Emotionally Hungover? A Life Coach Can Help

manage emotions, life coaching, life coach

Hurricane Irma provided a great example of a challenging life experience that leads to a flood of strong emotions and a sense of uncertainty. What makes a natural disaster, such as a hurricane, so traumatic is the threat to all aspects of your life. You may experience fear related to your well-being, or that of your family, neighbors, or even pets. Others experience the realization that the safety and security of their home and employment are at risk.  And there is the fear of knowing that such a catastrophic event has the potential to create such devastation that your life will never be the same. That’s where a life coach comes in. A life coach can help you with perspective and teach you resilience from any life event, big or small.

Understanding Resilience

Resilience refers to one’s ability to bounce back from obstacles. We were quite lucky in Tampa, considering what the devastation could have been. The aftermath of flooding and lack of power are true inconveniences. However, the real destruction comes with managing the emotions that surround such an event. I’ll admit that I felt too scared to even say I was scared. Even as a life coach who helps people every day with managing stress, expectations, fear, and dealing with the outcome, I still found it challenging to focus on work. I was irritable, short-tempered, and anxious.

Once it was all over, I experienced a mixture of emotions. I experienced shock seeing trees down with massive amounts of debris everywhere. Sadness in hearing the horrific stories of loss. Relief hearing heroic stories of survival. And yet I made my way to the grocery store to get supplies in a numb stupor, unable to process what could have been, what is, and what will be. I felt hungover for days! That’s what I call an emotional hangover.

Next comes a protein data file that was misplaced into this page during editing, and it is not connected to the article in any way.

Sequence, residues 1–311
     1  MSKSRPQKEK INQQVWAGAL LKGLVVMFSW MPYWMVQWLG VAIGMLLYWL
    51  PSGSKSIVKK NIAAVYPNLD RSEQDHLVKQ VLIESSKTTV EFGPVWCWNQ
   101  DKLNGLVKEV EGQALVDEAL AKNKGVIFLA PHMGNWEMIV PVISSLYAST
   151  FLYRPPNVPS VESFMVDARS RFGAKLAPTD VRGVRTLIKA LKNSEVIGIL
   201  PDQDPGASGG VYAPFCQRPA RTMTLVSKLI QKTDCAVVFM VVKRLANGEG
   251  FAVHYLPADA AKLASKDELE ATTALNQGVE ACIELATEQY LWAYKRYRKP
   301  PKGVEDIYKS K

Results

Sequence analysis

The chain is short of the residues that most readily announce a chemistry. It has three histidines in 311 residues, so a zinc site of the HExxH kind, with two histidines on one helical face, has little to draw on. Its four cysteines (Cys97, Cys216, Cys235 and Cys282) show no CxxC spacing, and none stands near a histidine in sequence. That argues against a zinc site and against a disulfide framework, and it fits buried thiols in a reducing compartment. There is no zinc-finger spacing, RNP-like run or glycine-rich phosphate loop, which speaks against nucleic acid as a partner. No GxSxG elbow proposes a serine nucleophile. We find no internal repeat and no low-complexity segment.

Building Resiliency

You may wonder how you can be resilient if a life coach who seemingly has the answers about dealing with life events big and small can’t. Building resiliency takes time. The American Psychological Association recommends several steps for building resiliency and dealing with stressful circumstances. They include:

  • Let yourself experience strong emotions while balancing your ability to regain focus.
  • Tackle challenges head on, but give yourself space to rest and relax.
  • Spend time with others and gain support.

As a life coach, I incorporate these steps, among others, to help people deal with trauma, big or small, and grow from it. Recognizing the impact of the experience provides some peace in understanding that even as things return to “normal,” trauma does occur so you can be empowered to bounce back from similar events in the future.

Building resiliency takes time and understanding. Whether your trauma is big affecting many like a hurricane, or small like a job loss, working with a life coach on dealing with trauma and learning coping mechanisms is key to personal growth. If you’ve wondered if life coaching is right for you, fill out my contact form and we’ll meet to discuss your goals and how I may be able to help as your life coach.

About the author

Robin Lavitch, MA, CPC, is the founder of Surpass Your Goals, a coaching practice for entrepreneurs, executives, tweens, school administrators, and more. Her capacity to connect with audiences, elicit thought-provoking ideas and clarify personal ambitions prepares people to apply that knowledge instantaneously to accelerate their own results in leadership, sales, and time management.

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